Fentanyl has a high scheduling because evidence demonstrates there is a risk its use can lead to dependency (the experience of having physical and mental cravings to take more of the medicine), overdose (taking too much of a drug that is more than the body can handle) or the medicine being given or sold illicitly to family, friends and others in the community.
Regulations for opioids are enforced legally through legislation. There may be legal consequences for patients, doctors, pharmacies, pharmaceutical companies and others who do not use opioids according to legislative requirements.
Changes to regulations for opioids are often made to help reduce serious safety risks for patients, and address problems with use and misuse of the medicines. The aim of recent changes in Australia has been to help reduce the misuse of opioids, and experiences of dependency, by people using them for chronic health conditions, or for nonmedical purposes.
Why changes to opioid regulations in Canada and the UK matter for Australia
Like the government in Australia, Canadian and UK governments provide healthcare funding for their citizens.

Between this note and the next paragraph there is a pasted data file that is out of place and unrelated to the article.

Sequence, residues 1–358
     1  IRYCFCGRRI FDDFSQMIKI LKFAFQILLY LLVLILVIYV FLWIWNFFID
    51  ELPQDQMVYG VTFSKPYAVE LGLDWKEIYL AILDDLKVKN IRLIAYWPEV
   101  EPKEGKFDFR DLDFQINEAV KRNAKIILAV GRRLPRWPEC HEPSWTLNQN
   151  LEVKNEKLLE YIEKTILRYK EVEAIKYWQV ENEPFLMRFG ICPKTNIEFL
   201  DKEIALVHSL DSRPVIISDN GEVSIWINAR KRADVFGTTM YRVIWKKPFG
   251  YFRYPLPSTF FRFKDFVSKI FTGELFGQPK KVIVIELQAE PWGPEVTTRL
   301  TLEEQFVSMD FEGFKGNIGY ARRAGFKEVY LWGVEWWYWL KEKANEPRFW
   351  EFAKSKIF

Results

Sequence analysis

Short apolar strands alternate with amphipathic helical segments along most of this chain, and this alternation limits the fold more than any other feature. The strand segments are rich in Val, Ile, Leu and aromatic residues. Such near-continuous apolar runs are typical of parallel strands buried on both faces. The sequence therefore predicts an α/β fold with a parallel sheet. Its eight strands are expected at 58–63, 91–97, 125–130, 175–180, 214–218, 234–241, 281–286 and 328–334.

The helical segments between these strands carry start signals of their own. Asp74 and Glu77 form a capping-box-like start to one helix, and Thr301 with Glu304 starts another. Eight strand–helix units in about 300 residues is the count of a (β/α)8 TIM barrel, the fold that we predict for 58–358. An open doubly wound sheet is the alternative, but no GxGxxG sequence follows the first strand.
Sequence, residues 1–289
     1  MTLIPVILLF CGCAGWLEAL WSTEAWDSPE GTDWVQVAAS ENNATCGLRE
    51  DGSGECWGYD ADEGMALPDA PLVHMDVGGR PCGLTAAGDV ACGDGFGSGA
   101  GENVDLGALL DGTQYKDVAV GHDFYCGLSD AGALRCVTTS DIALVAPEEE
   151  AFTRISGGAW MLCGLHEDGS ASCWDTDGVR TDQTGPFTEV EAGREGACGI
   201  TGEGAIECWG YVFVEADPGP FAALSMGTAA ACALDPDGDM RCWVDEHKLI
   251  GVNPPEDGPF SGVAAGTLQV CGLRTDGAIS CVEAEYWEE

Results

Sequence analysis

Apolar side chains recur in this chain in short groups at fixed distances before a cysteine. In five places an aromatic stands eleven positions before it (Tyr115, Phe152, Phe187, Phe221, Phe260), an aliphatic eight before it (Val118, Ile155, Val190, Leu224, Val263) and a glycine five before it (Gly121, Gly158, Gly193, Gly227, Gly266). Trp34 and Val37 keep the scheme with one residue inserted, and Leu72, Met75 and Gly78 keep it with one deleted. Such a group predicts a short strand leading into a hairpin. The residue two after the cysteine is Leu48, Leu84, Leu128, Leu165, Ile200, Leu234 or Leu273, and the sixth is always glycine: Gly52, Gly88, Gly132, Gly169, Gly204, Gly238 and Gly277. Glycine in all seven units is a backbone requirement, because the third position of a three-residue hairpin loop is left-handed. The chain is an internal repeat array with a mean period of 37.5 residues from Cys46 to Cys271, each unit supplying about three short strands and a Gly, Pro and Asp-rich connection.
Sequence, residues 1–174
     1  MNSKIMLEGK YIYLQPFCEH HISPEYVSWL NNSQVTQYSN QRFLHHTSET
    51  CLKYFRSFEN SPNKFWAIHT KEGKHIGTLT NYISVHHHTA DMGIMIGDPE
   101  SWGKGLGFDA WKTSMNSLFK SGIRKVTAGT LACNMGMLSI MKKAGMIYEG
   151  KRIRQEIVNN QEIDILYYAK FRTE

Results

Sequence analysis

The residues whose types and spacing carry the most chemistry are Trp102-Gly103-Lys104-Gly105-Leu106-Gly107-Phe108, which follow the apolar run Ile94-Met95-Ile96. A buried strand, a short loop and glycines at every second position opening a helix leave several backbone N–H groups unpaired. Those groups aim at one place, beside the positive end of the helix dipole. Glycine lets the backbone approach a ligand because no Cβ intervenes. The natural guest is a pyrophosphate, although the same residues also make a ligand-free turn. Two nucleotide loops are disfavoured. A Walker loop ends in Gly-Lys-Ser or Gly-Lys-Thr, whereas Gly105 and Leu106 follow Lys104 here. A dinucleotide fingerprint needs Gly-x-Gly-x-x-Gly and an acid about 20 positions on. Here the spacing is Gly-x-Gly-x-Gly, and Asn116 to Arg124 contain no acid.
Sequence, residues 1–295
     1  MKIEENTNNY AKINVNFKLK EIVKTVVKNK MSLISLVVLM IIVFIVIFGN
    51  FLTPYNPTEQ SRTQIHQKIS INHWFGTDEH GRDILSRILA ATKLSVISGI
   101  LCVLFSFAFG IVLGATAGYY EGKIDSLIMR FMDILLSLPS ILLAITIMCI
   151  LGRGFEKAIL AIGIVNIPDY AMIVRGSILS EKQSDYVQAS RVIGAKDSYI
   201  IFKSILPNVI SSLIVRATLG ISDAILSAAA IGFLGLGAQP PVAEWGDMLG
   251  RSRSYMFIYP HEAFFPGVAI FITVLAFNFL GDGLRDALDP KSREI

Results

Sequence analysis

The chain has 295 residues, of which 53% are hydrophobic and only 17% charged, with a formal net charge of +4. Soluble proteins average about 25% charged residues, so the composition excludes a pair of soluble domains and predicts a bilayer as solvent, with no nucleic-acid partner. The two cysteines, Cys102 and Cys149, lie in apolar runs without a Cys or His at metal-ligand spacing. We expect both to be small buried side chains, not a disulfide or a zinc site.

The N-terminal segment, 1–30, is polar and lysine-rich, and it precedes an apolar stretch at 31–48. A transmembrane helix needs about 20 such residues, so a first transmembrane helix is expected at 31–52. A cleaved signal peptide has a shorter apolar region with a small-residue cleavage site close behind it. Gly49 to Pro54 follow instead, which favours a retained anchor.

In Canada, prescription medications are available through a mix of public and private insurance plans, such as the drug benefit program in the province of Ontario. The UK provides medications at affordable costs through the National Health Scheme. Subsidising the cost of opioids through government programmes makes a major difference to increasing their availability.
All three countries have health regulations for authorising the sale of opioids, their scheduling and how they are prescribed and monitored. Medical practitioner registration and national drug strategies also help support the implementation of regulations and the medicinal use of opioids while trying to reduce the risk of problems.
There are differences between the countries with regards to how opioids are accessed and used, and regulatory responses must be appropriate to their setting. However, the regulatory similarities between the countries, and studies that have looked at changes to some of those regulations and their associated outcomes, suggest insights that can inform future work here in Australia.
What kinds of regulatory changes are made in Canada and the UK, and are they effective?
Early evidence from Canada and the UK suggests there are limitations to regulatory changes for opioids.
In Canada, studies find that both restricting availability of opioids, and increasing access to opioid harm reduction treatments, have not been associated with major impacts for reducing overdoses, hospitalisations and other problems with opioids. However, one of the most promising regulatory changes has been the wide distribution of publicly funded naloxone, with some evidence suggesting the change helped reduce overdose deaths. Naloxone can reverse opioid overdoses.